Tuesday, December 29, 2009

Featured Forger: Mirch Masala makes Paneer

Yesterday I came across a fabulous home cheese making post over at Mirch Masala...and the incredibly talented Superchef was kind enough to allow me to share it here at Forging Fromage!
Paneer / Cottage Cheese, the most versatile ingredient in Indian, especially vegetarian cooking is easily available in all Indian grocery stores. So, why bother making it at home??! Well, there are a couple of good reasons, at least for me. First of all, the ones that you get in stores has this rubbery texture to it. Even though you can live with it, the homemade paneer has a different fresh texture and taste and absorbs the flavour better than the store bought ones. Now especially with paneer, which doesn't have any particular taste to it, this is a very important factor. Second is the cost factor – you will easily spend 6-7 bucks for a block of paneer where as a similar quantity can be made at home with about a gallon of milk which is anywhere between 2-3 $. I know, I know its not a HUGE difference. But don't you feel good when you get better quality and better tasting product for lesser price and the best thing is the satisfaction of making paneer at home! Hope at least some of you agree with me :)You will need:
1/2 gallon 2% milk – whole milk will be better
2 oz (1/4 cup) distilled white vinegar ( you can use equal amount lime/lemon juice also)

A heavy bottomed pan
a colander
cheese cloth, to strain
heavy pans/canned food/other heavy things as weightsHeat the milk in a heavy bottomed pan/cast iron pan on medium heat. Keep stirring so that the milk doesn't stick to the bottom of the pan. Just when the milk starts steaming and just before it comes to a boil, add the vinegar to it. The milk will curdle and you will see something like whats shown in the photo below.Now strain this on a cheese cloth spread over a colander. If you want you can collect the whey (the liquid part) for later use. Wait for sometime till the water drains out completely and then take out the cheese cloth. Place a plate or a chopping board in the sink, place the cheesecloth folded on top it. Place another plate and put some cans of food or a heavy pan on top of it as weights. After about an hour – hour and a half, remove the plates and weights and take out the block of paneer. Chop into small pieces and store or store as it is in the refrigerator for later use. Here are some recipes using paneer :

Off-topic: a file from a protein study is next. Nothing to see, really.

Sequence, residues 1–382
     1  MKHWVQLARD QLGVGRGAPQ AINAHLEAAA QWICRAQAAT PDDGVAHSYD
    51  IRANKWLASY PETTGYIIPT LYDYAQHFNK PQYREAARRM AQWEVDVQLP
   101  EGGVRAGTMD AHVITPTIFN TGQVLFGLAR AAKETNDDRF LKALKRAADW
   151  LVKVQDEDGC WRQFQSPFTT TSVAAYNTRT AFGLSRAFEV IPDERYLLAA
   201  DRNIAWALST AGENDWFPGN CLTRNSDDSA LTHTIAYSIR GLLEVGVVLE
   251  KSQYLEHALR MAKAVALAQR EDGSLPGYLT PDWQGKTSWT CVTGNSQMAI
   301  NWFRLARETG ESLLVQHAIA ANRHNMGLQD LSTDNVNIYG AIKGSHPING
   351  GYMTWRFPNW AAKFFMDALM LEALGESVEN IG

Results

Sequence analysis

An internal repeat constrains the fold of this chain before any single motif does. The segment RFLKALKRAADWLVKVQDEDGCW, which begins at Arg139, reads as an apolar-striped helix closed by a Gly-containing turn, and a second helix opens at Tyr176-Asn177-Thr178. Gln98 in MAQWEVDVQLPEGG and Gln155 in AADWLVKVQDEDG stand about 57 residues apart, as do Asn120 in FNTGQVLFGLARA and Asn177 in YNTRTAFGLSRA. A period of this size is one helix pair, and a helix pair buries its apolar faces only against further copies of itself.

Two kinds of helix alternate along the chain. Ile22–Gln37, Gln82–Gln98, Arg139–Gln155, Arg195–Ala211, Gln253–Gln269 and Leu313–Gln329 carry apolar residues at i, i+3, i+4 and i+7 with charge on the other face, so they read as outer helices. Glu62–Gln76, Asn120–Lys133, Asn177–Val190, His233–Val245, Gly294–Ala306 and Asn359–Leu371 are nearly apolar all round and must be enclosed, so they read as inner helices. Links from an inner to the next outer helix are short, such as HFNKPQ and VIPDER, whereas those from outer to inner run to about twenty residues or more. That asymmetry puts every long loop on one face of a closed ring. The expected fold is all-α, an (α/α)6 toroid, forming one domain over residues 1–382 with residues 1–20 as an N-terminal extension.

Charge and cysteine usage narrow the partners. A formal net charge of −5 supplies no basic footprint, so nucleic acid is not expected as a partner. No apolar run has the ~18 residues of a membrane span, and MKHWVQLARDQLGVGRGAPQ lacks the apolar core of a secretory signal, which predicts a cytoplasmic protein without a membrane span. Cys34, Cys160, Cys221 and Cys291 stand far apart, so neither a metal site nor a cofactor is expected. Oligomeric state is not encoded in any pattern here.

Paneer Makhani / Paneer Butter Masala – An Easier Version
Paneer Butter Masala on a Pizza
Palak Paneer
Paneer Pulao
Um, yeah...awesome, right!? Thanks so much for sharing your Paneer making method with us, Manju! And believe me, if you don't visit Mirch Masala already...you will get lost in this fabulous world of spices n' more!!

Monday, December 7, 2009

Our Cheese Dairy-filled Adventure for the month of December is...

We figured since everybody is dealing with a little seasonal/holiday madness this time of year, it best to take it easy again. We chose Créme Fraîche this month...although it's not cheese, it is a dairy product, and we've decided to broaden our focus a bit to include other dairy gems such as this! Créme Fraîche translates to Fresh Cream. Are you familiar with it? It's thick, tangy and perfectly decadent! "It originated before the days of pasteurization, when refrigeration and fast transportation weren't available. The cream collected bacteria and fermented before it was able to make its way from French dairy farms to the markets. The French developed a taste for it and still enjoy the flavor today."* Um, me too. With an average of somewhere between 30-60% butterfat, is there any question why? I'm going to provide a recipe again, in hopes that we'll have a couple more people join us in our adventure this month...you don't have to use this recipe...but it's here if you need it! And who couldn't use a good container of this gorgeous cream to drizzle on their fish, poultry, vegetable and fruit on their holiday table? Finish a pan sauce with a blob for extra creamy richness. Throw in some herbs for savory dishes...or mix in some honey and vanilla to go with fruit! Top a baked potato or an omelet with a dab. Give it a go...you will be pleased!